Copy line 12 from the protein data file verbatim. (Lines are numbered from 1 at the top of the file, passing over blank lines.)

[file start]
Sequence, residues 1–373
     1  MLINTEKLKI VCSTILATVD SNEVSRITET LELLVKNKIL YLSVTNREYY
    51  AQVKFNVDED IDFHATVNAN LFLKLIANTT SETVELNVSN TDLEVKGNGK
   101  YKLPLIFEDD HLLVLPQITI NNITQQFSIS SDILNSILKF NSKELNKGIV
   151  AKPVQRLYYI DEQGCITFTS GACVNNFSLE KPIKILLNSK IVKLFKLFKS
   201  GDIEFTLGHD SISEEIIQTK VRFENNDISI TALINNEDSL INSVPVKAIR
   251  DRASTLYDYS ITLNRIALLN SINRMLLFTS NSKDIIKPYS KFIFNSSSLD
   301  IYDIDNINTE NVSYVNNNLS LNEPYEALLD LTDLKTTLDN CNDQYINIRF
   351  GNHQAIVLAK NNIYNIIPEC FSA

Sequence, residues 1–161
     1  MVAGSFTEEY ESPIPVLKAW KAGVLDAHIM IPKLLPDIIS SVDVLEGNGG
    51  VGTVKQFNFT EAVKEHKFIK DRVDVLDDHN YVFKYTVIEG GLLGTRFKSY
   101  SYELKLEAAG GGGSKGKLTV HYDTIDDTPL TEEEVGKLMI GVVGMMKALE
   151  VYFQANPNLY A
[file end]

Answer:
    51  VGTVKQFNFT EAVKEHKFIK DRVDVLDDHN YVFKYTVIEG GLLGTRFKSY